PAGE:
Trees in Cities Prevent Heat-Related Deaths
A new study has found that planting trees in urban areas can prevent mortality caused by increased temperatures.
The increase of global warming and the expansion of built environments in cities negatively impact human health. Cities record higher temperatures than surrounding suburbs or countryside due to the urban heat island effect. The urban heat island effect happens when natural land cover is replaced with concentrations of pavement, buildings and other surfaces that absorb and retain heat. The rise in temperatures increases energy costs, air pollution levels, heat-related illnesses and mortality.
A new study has shown that planting more trees in urban areas will lower temperatures and could help reduce deaths directly linked to hot weather and heat waves. Trees have a cooling effect in built-up areas, providing shade and moisture and deflecting the sun’s rays. Trees also cool the environment by absorbing carbon dioxide.
Trees in Cities Prevent Heat-Related Deaths. The researchers looked at the impact on 93 European countries and found that increasing tree cover by 30 percent would decrease temperatures by 0.4 degrees Celsius. Of the 6,700 premature deaths resulting from higher temperatures in 93 European cities during 2015, one-third could have been prevented with the presence of more trees.
They also found that only 15 percent of European urban environments are covered by some foliage. The countries that would benefit the most from additional tree cover are South and eastern Europe, where summer temperatures are the highest and tree coverage tends to be lower. The study stresses the need to take environmental action, especially as summer temperatures reach record highs in response to climate change.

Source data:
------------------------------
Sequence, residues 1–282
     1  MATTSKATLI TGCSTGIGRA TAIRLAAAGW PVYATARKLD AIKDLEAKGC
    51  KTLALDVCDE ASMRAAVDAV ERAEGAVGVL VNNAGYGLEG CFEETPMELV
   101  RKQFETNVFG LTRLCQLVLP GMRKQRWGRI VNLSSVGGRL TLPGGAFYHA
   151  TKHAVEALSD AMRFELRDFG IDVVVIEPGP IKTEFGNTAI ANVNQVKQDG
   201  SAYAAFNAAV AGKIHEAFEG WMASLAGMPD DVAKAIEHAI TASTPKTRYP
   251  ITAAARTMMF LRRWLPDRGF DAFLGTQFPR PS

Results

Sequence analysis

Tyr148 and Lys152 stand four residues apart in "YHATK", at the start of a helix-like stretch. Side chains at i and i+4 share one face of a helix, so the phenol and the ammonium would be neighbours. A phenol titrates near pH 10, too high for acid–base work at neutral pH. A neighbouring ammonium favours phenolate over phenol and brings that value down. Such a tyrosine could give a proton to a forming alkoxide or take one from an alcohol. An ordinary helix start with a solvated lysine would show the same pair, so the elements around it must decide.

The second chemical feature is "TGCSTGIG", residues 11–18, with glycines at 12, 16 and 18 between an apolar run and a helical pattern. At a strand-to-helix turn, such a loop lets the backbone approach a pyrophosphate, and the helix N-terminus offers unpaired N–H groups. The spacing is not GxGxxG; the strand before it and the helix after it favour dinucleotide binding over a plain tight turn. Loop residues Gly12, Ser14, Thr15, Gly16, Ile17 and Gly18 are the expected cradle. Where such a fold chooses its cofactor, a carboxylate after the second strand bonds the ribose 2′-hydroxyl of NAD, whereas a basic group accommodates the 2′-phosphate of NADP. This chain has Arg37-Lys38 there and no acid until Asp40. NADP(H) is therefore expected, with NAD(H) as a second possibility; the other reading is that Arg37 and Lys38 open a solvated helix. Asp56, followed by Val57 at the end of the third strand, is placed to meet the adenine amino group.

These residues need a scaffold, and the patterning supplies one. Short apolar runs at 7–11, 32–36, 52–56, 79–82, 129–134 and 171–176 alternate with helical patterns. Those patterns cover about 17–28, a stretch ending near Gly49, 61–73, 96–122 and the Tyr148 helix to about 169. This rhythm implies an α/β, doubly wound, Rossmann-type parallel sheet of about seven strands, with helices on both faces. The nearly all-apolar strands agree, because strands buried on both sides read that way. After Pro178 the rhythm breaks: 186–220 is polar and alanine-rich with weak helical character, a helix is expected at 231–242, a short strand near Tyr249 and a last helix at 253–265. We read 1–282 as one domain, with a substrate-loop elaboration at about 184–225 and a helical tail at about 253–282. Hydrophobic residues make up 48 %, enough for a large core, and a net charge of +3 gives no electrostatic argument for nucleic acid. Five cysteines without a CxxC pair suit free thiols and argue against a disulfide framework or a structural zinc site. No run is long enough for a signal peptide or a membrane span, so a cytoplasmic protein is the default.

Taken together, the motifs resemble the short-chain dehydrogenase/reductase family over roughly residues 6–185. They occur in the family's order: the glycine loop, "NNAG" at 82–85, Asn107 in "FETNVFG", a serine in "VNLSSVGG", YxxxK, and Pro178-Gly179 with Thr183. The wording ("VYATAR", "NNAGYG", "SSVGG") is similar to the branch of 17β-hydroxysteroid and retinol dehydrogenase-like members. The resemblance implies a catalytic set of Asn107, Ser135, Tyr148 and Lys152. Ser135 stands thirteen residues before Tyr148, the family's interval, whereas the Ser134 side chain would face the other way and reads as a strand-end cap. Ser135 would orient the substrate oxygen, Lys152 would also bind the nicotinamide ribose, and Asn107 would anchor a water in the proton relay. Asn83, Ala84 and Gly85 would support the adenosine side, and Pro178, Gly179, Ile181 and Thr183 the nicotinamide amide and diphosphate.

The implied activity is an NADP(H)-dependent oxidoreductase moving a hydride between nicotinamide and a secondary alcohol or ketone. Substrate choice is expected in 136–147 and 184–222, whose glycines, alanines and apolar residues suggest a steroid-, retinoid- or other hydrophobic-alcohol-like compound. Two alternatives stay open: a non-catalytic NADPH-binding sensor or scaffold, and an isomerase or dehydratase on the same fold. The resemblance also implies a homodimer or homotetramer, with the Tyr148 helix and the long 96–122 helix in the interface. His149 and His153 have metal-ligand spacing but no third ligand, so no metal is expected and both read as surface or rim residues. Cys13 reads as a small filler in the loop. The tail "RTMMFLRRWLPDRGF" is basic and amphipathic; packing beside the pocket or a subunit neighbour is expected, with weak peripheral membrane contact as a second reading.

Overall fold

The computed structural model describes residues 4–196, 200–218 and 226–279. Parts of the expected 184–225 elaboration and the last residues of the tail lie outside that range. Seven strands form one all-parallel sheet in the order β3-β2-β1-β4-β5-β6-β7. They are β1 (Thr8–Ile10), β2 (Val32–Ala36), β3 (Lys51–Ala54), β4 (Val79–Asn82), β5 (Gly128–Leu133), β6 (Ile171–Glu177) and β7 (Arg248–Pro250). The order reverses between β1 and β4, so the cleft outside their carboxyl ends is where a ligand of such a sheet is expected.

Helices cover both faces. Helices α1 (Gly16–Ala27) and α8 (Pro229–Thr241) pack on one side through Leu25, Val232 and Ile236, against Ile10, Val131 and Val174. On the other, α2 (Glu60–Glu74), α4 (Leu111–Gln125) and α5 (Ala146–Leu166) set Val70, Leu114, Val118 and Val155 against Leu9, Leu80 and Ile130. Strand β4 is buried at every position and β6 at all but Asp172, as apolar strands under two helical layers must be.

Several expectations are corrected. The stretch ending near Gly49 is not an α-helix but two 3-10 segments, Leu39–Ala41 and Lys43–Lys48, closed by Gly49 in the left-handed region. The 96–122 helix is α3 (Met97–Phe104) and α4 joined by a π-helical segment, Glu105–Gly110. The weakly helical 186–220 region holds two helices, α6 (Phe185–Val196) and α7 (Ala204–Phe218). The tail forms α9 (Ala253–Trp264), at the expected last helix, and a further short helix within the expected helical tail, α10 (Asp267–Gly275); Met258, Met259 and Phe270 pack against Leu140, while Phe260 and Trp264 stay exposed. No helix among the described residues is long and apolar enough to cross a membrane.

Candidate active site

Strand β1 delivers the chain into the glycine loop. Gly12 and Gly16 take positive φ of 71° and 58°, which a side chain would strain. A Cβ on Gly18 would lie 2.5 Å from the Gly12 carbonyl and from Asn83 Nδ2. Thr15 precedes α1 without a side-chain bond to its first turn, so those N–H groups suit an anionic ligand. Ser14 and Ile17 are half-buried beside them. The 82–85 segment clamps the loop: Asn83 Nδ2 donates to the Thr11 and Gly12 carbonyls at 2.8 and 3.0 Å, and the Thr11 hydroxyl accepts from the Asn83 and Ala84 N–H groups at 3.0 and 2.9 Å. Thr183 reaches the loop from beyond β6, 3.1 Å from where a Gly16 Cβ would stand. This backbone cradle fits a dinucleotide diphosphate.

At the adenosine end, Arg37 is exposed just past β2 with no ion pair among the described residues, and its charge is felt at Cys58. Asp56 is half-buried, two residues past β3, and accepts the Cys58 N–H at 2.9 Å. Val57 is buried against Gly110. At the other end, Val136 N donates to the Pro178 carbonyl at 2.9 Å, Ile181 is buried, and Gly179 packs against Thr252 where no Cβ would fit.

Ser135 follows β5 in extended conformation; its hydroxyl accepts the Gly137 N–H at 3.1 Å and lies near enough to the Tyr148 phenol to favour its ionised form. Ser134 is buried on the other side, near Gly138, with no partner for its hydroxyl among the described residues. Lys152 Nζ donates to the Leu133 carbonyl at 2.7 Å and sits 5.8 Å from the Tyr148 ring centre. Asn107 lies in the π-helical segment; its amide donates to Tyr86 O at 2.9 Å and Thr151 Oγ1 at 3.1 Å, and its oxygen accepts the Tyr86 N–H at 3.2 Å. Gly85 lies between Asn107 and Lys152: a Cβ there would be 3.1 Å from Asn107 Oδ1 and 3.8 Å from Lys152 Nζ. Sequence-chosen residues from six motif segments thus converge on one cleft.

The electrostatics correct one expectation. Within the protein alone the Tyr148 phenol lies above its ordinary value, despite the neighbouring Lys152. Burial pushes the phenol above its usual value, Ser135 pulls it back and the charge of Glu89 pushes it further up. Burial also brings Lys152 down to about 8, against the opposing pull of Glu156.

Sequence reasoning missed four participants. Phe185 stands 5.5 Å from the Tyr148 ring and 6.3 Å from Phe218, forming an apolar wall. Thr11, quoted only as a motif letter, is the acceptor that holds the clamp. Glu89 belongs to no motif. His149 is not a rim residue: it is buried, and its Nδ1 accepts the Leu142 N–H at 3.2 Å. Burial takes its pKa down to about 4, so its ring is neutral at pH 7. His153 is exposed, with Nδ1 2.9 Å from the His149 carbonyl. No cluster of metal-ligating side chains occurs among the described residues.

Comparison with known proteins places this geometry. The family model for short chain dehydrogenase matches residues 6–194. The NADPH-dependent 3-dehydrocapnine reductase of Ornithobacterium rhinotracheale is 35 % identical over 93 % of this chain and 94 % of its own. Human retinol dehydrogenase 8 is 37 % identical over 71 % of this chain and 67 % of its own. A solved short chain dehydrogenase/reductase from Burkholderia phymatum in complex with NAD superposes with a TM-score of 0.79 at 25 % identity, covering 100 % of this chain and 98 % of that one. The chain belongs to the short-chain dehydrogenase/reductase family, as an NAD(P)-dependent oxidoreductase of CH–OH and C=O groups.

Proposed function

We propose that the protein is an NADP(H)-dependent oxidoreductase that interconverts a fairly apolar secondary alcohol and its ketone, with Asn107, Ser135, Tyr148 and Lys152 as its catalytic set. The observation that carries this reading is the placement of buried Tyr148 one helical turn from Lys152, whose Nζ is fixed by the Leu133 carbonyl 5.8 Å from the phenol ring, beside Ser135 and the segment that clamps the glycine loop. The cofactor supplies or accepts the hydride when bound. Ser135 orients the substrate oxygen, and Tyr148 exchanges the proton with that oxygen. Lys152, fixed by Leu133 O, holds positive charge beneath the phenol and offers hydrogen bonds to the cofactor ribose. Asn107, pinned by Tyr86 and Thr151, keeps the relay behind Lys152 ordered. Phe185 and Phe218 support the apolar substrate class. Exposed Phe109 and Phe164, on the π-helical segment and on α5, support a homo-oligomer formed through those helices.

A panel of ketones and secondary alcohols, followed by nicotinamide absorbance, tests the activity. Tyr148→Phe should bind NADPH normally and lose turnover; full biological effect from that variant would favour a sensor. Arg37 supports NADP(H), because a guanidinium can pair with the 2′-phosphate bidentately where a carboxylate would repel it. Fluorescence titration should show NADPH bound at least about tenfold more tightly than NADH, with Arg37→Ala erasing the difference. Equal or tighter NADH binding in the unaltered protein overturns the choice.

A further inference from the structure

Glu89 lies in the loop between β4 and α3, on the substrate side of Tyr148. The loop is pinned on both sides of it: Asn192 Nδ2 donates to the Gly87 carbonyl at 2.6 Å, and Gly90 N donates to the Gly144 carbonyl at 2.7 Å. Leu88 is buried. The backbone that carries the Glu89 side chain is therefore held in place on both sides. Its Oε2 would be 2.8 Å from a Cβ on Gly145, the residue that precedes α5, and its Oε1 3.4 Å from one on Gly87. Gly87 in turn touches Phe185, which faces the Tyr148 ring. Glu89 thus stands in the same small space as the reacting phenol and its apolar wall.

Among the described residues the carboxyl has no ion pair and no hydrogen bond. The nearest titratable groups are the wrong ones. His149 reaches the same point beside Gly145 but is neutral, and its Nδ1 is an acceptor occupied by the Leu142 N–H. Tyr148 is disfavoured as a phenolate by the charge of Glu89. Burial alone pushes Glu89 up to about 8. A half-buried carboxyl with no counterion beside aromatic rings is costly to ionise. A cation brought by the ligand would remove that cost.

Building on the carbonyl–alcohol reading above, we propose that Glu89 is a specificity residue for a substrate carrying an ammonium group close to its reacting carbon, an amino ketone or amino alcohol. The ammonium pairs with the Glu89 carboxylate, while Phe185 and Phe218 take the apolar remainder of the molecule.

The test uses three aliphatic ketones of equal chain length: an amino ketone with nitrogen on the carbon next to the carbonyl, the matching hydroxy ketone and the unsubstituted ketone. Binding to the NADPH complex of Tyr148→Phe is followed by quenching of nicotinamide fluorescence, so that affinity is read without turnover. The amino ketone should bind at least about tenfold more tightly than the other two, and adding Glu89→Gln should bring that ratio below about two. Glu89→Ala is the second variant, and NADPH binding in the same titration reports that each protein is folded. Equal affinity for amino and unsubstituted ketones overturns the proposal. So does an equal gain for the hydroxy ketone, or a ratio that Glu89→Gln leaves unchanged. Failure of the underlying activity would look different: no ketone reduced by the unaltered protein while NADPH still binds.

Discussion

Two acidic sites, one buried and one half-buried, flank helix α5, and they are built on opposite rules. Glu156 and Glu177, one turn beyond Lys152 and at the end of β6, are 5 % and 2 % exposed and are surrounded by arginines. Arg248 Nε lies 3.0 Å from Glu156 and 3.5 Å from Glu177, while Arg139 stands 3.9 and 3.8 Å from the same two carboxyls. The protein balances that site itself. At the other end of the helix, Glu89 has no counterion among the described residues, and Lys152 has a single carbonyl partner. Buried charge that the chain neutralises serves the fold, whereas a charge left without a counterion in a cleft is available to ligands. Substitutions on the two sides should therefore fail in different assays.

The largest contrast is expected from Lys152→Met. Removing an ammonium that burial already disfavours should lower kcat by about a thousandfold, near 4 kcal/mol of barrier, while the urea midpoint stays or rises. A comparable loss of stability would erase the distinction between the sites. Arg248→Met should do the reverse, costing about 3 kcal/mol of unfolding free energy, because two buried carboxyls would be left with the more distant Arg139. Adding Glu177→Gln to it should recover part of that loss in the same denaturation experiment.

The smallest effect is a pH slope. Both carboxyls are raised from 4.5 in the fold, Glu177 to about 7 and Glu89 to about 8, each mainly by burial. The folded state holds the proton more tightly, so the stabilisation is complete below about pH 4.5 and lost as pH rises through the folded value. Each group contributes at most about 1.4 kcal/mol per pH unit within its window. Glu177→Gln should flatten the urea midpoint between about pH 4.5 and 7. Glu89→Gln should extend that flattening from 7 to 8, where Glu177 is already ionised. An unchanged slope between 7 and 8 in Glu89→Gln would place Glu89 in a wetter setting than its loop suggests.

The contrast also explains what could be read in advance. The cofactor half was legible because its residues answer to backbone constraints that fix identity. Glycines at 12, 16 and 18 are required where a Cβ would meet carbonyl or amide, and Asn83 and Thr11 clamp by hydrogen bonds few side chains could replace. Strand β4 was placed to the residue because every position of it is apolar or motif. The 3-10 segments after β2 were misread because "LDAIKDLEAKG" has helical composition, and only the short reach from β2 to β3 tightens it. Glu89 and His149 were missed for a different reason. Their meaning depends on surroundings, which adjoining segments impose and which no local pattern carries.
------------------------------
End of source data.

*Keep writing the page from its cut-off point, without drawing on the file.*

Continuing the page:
Some cities have already taken on the task of planting more trees. Madrid, Spain, is building a 75-kilometre urban forest with a million new trees. The project will sequester 175 000 tons of carbon dioxide annually and reduce temperatures within the city. To keep cooler and fight climate change, Paris, France, plans to plant 170 000 new trees by 2026. And London plans to ensure that half of the city will be green by 2050 and that the tree canopy cover will increase by a tenth.
In addition to preventing deaths and reducing air temperatures, planting trees in urban areas has many other health benefits. Green spaces and trees can help reduce cardiovascular diseases, dementia and poor mental health. A study in Germany found that living within 100 metres of a tree can reduce the need for antidepressant drugs. Trees in urban areas can also improve the cognitive functioning of children and the elderly. Living near parks or green spaces can also mean having more exercise and leisure time, which may result in fewer health risks.
Planting trees to reduce the effects of climate change and prevent deaths seems like a no-brainer. Hopefully, this study will make local policymakers aware of the importance of tree cover in urban areas and will help create more sustainable and climate-resilient cities.